In today’s market, it is imperative to be knowledgeable and have an edge over the competition. ACI members have it…they are engaged, informed, and stay up to date by taking advantage of benefits that ACI membership provides them.
Read more about membership
Become an ACI Member
Founded in 1904 and headquartered in Farmington Hills, Michigan, USA, the American Concrete Institute is a leading authority and resource worldwide for the development, dissemination, and adoption of its consensus-based standards, technical resources, educational programs, and proven expertise for individuals and organizations involved in concrete design, construction, and materials, who share a commitment to pursuing the best use of concrete.
American Concrete Institute
38800 Country Club Dr.
Farmington Hills, MI
Chat with Us Online Now
Feedback via Email
Home > Publications > International Concrete Abstracts Portal
The International Concrete Abstracts Portal is an ACI led collaboration with leading technical organizations from within the international concrete industry and offers the most comprehensive collection of published concrete abstracts.
Title: Durability of Concrete Containing Hollow Plastic Microspheres
Author(s): Celik Ozyildirim and Michael M. Sprinkel
Publication: Journal Proceedings
Appears on pages(s): 307-312
Keywords: admixtures; air-entrainment; concretes; fly ash, freeze-thaw durability;
plastics, polymers and resins; water-reducing agents.
Abstract:The potential of hollow plastic microspheres (HPMs) to provide resistance for non-air-entrained portland cement concrete to damage from cycles of freezing and thawing was investigated. A mixture with an air-en training agent (vinsol resin) was used as the control for comparison with three experimental mixtures - one with HPMs, one with high-range water reducers (HR WRs) and HPMs, and one with fly ash and HPMs. Mixtures with only HPMs in the amount of 1.5 percent or more by cement weight exhibited satisfactory resistance to damage from cycles of freezing and. thawing. Those with HR WRs and HPMs exhibited low durability factors and failed the acceptance criterion that requires a durability factor of 60 or more. Concretes with fly ash and HPMs displayed durability factors comparable to those mixtures with HPMs only; however, weight losses of the former were higher than those of the latter. Examinations with an optical microscope and a scanning electron microscope revealed numerous well-distributed HPM voids in the mixtures with only HPMs, but few in the mixtures with HPMs and HR WRS.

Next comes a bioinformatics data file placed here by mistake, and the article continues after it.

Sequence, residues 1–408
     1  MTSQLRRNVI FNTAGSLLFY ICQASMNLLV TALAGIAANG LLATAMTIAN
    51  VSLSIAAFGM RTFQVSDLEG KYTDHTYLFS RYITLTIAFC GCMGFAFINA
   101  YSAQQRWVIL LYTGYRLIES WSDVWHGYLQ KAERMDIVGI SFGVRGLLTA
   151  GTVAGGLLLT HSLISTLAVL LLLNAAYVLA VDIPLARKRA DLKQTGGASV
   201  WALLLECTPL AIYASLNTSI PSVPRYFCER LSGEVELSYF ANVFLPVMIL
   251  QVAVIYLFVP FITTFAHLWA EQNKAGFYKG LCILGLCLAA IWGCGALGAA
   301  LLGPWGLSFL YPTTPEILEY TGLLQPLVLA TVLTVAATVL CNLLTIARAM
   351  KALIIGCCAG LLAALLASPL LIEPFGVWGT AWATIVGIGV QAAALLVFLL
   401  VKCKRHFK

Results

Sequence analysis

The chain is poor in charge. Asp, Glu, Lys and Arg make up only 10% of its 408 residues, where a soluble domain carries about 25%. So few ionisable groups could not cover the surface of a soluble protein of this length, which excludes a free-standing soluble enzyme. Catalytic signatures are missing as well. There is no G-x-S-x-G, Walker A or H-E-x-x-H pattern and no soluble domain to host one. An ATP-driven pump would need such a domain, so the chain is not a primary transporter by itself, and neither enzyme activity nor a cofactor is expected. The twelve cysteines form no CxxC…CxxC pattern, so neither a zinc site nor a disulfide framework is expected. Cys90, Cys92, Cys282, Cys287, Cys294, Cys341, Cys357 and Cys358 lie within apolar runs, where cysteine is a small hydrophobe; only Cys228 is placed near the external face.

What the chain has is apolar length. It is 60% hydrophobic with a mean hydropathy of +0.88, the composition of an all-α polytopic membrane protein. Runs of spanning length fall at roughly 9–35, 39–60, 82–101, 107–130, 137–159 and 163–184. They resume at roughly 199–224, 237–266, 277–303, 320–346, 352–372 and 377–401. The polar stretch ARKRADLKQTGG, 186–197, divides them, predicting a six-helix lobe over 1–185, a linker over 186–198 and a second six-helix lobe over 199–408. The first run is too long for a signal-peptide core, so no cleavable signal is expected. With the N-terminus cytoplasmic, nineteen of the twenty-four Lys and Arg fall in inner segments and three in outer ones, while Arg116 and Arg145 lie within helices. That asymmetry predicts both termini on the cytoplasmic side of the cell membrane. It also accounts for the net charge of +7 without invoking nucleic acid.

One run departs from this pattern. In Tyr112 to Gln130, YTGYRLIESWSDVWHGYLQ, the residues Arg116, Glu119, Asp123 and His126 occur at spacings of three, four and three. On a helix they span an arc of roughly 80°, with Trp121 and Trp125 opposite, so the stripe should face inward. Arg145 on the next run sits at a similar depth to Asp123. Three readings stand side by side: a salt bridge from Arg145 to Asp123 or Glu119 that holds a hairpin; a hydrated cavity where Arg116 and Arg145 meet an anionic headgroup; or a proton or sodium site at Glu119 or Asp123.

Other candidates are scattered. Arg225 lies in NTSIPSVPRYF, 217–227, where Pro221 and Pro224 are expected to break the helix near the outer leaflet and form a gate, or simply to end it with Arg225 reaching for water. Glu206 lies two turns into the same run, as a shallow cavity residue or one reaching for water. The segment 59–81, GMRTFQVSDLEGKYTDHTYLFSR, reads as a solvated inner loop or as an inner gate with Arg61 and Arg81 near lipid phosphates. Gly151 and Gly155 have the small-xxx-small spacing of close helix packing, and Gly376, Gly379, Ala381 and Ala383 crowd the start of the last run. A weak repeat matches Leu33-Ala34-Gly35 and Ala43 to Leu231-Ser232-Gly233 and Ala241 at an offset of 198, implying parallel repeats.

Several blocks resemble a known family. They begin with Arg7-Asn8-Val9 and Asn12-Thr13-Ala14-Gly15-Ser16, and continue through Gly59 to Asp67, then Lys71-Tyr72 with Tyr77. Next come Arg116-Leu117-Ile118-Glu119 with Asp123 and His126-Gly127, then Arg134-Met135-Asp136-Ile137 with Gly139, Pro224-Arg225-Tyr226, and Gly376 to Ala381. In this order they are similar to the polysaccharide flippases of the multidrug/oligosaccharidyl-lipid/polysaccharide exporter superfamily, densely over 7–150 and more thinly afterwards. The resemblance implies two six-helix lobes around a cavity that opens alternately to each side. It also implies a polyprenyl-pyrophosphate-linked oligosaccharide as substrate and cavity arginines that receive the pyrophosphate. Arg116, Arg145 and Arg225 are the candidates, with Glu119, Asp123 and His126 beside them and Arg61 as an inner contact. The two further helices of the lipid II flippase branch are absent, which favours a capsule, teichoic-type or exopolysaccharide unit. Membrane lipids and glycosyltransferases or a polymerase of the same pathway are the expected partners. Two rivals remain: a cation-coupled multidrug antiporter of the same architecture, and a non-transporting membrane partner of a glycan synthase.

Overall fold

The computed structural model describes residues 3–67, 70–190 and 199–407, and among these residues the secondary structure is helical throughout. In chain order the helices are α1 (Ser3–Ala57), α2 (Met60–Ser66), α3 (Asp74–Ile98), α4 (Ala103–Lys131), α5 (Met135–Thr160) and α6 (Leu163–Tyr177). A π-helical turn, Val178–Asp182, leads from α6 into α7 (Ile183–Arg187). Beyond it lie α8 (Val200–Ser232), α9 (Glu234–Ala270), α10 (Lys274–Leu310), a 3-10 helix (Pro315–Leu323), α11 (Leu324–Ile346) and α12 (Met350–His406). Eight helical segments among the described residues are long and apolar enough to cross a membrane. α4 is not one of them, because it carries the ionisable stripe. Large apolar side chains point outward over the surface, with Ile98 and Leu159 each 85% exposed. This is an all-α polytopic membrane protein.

Click here to become an online Journal subscriber